Monday, May 11, 2015

TURTLE WAX


Over the years we've found quite a few of these caps from Turtle Wax automotive wax/polish. In 1941, Ben Hirsch, the founder, traveled around Chicago to sell his product first called Plastone. He would station himself in a parking lot, polish one fender of a car and wait for the owner's return. Then Ben would sell them a bottle to finish the job. While in Turtle Creek, Wisconsin he was struck with the idea of "The Hard Shell Finish." The name of the town along with the by-line clicked. Turtle Wax is now the largest automotive appearance product company in the world.  The top hat on the logo came from Hirsch's hobby as an amateur magician. 


"Turtle Wax gives a magic shine."



Monday, March 23, 2015

Plastic Pledges


The Great Morgani, accordionist extraordinaire, kicked off the Blue festivities, an evening of exhibitions and events at the Santa Cruz Museum of Art and History. The big draw was Everybody's Ocean, a salon style floor to ceiling extravaganza part-crowd source, part curated. It's a love fest for 71% of the earths surface and in this case more than 71% of the gallery walls. 


Throughout the museum there were displays from ocean related organizations including our old friend Rachel Kippen from Save Our Shores and presentations from our new friend marine conservationist Sally-Christine Rodgers.

Our table top activity was billed as Feeling Blue. My able assistant, museum volunteer, nicknamed "Rat," set the stage by making the first example. All evening she encouraged visitors to sort through a mass of blue and colorful plastics to make make artful arrangements. Some folks just fooled around — putting one piece of plastic next to another in spontaneous constructions; others aligned the colors in balancing acts finding creative ways to make an elaborate tower of toothbrushes and straws stand up. All were astonished to learn that all of the plastic was from Kehoe Beach.




In the Lezin Gallery is our exhibit Plastic Pledges (until April 19). Looming overhead, hung from the ceiling is MAW a hulk of a tubular net, a piece of a trawl net with its mouth wide open to emphasize that it is clearly a mouth and digestive tube, that once scraped the seabed taking with it quantities of useable fish and along with it vast quantities of by-catch.

MAW, a gaping trap for all who enter its surround (fish, turtles, birds, marine mammals) carries a powerful message about the problem of industrial fishing practices and overfishing an already strained fish stock. As a twisting and powerful visual force it reinforces our message to stop eating fish, to give the ocean a break.



And, speaking of eating, our prints of plates full of plastic from our Unaccountable Proclivities series graced one area of the gallery and my shadow boxes of jewelry graced the other.

The center piece was a "kelp forest." Strands of rope with tags where visitors can write about their first memory of the ocean and what they pledge to do for the ocean.




After an evening with the calming influence of all that oceanic blue, the next morning it was a shock to the senses to see this window display in downtown Santa Cruz - talk about color!!! My eyes and my teeth hurt.


Sunday, March 15, 2015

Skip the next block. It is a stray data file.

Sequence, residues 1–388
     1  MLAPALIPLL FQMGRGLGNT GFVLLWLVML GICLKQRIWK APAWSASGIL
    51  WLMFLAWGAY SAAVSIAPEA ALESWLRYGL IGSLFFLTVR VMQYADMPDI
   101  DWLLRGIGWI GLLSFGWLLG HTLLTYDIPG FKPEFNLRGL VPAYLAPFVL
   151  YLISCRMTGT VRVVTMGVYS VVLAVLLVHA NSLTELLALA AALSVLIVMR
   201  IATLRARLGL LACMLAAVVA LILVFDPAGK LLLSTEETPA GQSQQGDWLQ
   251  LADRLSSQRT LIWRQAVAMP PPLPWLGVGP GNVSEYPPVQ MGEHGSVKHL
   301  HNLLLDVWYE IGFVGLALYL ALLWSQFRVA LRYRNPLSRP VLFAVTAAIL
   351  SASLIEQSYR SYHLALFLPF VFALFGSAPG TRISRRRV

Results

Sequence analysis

CARE


In preparation for our upcoming exhibit at the Doug Adams Gallery we were introduced to the CARE community, an affiliate of the Graduate Theological Union. The Center for the Arts, Religion, and Education (CARE), promotes scholarship, reflection, and practice in the arts and religion to serve the Graduate Theological Union.

The party, billed as a "friendraising," certainly was. We were greeted by several old friends and made many new ones. Thanks to our hosts Suzanne and Devin Zuber for making sure that the weather was perfect, the sunset was glorious and the discussions were as dazzling as the sparkling lights of Berkeley, Oakland and beyond. Thanks to Elizabeth Peña and Lily Manderville the party planning was par excellence; with abundant and delectable refreshments to fuel the wide ranging conversations. Thanks to the Hannah and Yohana, volunteer student interns, who have started a blog that will give a behind the scenes look at the development of our project and exhibition. Thanks to Alla Efimova for posting the party pic on her Facebook page.

We were pleased to present the group our "artist statement" for our exhibit, Mining the Collection: Finding Meaning in the Mess:


What we leave behind, what every creature, every culture leaves behind. What the rocks as tales of mountains in motion leave behind. Archeology, Paleontology, Geology. All of these sciences study the remains of something that happened in time, something that left a mark. The fossilized bones of the Archaeopteryx— the Ur bird bridges the "missing link" in the biota of our world. History itself looks into the archives of politics, art, literature; what was left—Cézanne's apples, Mozart's The Magic Flute, the budgetary calamities of Louie XIV, the columns of Persepolis.


When we began thinking about our exhibit at the Doug Adams Gallery/Badé Museum, it was to be a simple exploration of our contemporary archaeology site — Kehoe Beach in the Point Reyes National Seashore. In response to the Tell en-Nasbeh collection we would simply catalogue and sort into some kind of coherence the plastic trash we find washing onto our favorite beach. Limiting ourselves to 1000 meters of that beach as a way of establishing a graspable metric in the welter of planetary bad news. A representative sample of what our culture is leaving behind.